In one example, a marking pulse is used, as illustrated by the flow diagram 1000 of FIG. 10 (in addition to or instead of the process depicted by the flow diagram 700 of FIG. 7). At the step 1001, a first device generates a first marking pulse. A second device may also generate a second marking pulse. In some implementations, the marking pulse is generated by the first device prior to or in concert with beginning a stimulation activity detection period as described above. A marking pulse is a very short pulse (e.g., approximately 25 μs) that cannot be strongly perceived by the user but is detected by the second device coupled to the user when the first and second devices share an energy transmissive pathway through the user's body. For example, the second device may be configured to detect marking pulses generated by the first device when interference between stimulation pulses generated by the first and second devices may be perceptible to the user. In other words, when the first and second devices have significant probability of causing interference perceptible to the user (e.g., the two devices are not spaced apart by a substantial distance, or are not operating at different or non-multiple frequencies), the second device may detect the marking pulses generated by the first device. In response to detecting a marking pulse, the second device delays providing a stimulation signal to avoid interfering with the stimulation signal to be generated by the first device.

After generating the marking pulse, the first device performs the remainder of the process illustrated by the flow diagram 1000 as described above for the flow diagram 700 of FIG. 7. In particular, steps 1002, 1004, 1006 and 1008 are performed by the first device (e.g., a stimulation module) in accordance with any of the examples described above for the steps 702, 704, 706 and 708, respectively, of FIG. 7. The monitoring in step 1004 extends over a stimulation activity detection period of a duration Tsad. In certain applications, different channels have different durations Tsad of their stimulation activity detection periods. In some applications, for a stimulation Channel X, TsadX is greater than Td2 pX (where the latter is the minimum delay time between the decision to generate a pulse and the actual generation of that pulse, as described above with reference to FIG. 9).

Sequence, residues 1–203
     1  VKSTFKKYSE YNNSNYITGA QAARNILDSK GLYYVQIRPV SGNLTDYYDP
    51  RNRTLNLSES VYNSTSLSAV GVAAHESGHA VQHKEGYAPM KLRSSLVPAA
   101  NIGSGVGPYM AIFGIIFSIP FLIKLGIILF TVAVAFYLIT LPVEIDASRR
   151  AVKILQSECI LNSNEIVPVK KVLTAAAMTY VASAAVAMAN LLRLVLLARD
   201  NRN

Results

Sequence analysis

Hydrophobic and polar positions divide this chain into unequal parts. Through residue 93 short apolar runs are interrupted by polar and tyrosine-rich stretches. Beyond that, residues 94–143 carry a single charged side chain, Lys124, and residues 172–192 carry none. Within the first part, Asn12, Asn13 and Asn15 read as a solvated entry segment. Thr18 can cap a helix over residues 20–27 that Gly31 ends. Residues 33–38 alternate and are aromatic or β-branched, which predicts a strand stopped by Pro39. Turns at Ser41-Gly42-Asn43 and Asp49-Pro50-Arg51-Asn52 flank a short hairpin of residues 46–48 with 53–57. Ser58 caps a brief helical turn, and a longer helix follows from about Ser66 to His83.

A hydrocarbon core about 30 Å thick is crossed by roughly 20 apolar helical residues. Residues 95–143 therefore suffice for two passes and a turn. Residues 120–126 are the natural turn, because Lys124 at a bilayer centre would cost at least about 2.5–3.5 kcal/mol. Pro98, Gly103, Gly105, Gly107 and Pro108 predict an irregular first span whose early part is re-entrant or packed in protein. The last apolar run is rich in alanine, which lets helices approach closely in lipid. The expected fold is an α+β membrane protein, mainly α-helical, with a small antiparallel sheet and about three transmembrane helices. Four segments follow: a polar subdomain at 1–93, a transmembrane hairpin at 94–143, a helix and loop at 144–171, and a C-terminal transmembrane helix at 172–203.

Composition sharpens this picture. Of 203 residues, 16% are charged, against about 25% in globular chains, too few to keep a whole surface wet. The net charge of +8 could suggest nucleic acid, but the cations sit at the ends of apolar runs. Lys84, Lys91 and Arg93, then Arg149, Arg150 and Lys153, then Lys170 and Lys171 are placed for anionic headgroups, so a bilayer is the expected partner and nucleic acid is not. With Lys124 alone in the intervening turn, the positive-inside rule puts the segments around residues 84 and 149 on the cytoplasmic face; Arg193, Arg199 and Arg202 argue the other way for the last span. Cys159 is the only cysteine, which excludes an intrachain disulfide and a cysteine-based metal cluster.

FIG. 11 depicts an illustrative waveform that may be produced by Channel A 102 in accordance with an implementation of the flow diagram 1000 of FIG. 10. The waveform includes a marking pulse 1104, a channel-specific stimulation activity detection period 1106 of duration TsadA, a decision-to-pulse delay period 1108 of duration Td2 pA and a stimulation pulse 1110. As illustrated, the marking pulse 1104 is a very short pulse (e.g., approximately 25 μs) that cannot be strongly perceived by the user, if perceived at all.

FIGS. 12A-12B depict two examples of waveforms produced by two devices in a stimulation interference avoidance system over a period of duration T, each executing the steps of the flow diagram 1000 of FIG. 10. In FIG. 12A, at the time 1202, Channels A 102 and B 104 generate marking pulses 1204 and 1206, respectively (the step 1001 of FIG. 10). After generating the marking pulses 1204 and 1206, each of Channels A 102 and B 104 begins its stimulation activity detection period (the periods 1208 and 1210, respectively) to detect stimulation signals coming from neighboring electrodes or other stimulation sources along or under the user's skin. The duration of this period is TsadA for Channel A 102, and TsadB for Channel B 104. As shown, the system is pre-programmed so that TsadA is longer than TsadB, with TsadB starting at the same time as TsadA but ending before TsadA ends. Thus, at the time 1212, Channel B 104 has completed its stimulation activity detection period without detecting any significant stimulation and therefore prepares to generate a stimulation pulse. At the time 1216, after a delay of Td2 pB from its decision time 1212, Channel B 104 then generates a stimulation pulse 1214. At the time 1218, Channel A 102 detects significant stimulation from another source (here, stimulation from Channel B that exceeds +VthA 1220) and thus commences its retry delay period 1222 of duration TpdA. At the time 1224, Channel A 102 has completed its retry delay period 1222, whereupon it generates a marking pulse 1226 and again executes the step 1001 of FIG. 10. At the time 1229, Channel A 102 detects no competing signal from another source and therefore provides the stimulation pulse 1227 (only partially shown in FIG. 12A). In this manner, Channel A 102 does not fire during the firing of Channel B 104, thus avoiding interference.